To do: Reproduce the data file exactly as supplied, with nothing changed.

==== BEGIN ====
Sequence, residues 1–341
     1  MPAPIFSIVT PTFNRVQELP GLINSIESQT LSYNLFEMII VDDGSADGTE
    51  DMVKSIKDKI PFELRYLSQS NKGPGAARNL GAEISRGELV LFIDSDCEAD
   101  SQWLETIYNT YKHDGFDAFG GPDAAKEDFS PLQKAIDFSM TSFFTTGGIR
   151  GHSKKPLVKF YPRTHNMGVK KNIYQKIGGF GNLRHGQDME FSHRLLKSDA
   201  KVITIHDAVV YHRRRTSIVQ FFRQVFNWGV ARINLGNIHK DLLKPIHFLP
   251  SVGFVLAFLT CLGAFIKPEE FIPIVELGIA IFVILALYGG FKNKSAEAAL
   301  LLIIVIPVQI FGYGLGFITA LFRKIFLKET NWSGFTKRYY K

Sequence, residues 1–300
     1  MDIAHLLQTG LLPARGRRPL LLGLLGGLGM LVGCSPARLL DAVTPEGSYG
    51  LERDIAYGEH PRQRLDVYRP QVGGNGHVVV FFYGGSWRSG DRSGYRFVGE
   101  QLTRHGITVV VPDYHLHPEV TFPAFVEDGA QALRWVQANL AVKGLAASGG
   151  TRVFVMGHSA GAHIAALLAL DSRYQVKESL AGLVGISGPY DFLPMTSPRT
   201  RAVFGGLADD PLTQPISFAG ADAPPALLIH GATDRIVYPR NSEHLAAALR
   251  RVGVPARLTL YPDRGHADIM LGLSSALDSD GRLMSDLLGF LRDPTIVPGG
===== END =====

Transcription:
Sequence, residues 1–341
     1  MPAPIFSIVT PTFNRVQELP GLINSIESQT LSYNLFEMII VDDGSADGTE
    51  DMVKSIKDKI PFELRYLSQS NKGPGAARNL GAEISRGELV LFIDSDCEAD
   101  SQWLETIYNT YKHDGFDAFG GPDAAKEDFS PLQKAIDFSM TSFFTTGGIR
   151  GHSKKPLVKF YPRTHNMGVK KNIYQKIGGF GNLRHGQDME FSHRLLKSDA
   201  KVITIHDAVV YHRRRTSIVQ FFRQVFNWGV ARINLGNIHK DLLKPIHFLP
   251  SVGFVLAFLT CLGAFIKPEE FIPIVELGIA IFVILALYGG FKNKSAEAAL
   301  LLIIVIPVQI FGYGLGFITA LFRKIFLKET NWSGFTKRYY K

Sequence, residues 1–300
     1  MDIAHLLQTG LLPARGRRPL LLGLLGGLGM LVGCSPARLL DAVTPEGSYG
    51  LERDIAYGEH PRQRLDVYRP QVGGNGHVVV FFYGGSWRSG DRSGYRFVGE
   101  QLTRHGITVV VPDYHLHPEV TFPAFVEDGA QALRWVQANL AVKGLAASGG
   151  TRVFVMGHSA GAHIAALLAL DSRYQVKESL AGLVGISGPY DFLPMTSPRT
   201  RAVFGGLADD PLTQPISFAG ADAPPALLIH GATDRIVYPR NSEHLAAALR
   251  RVGVPARLTL YPDRGHADIM LGLSSALDSD GRLMSDLLGF LRDPTIVPGG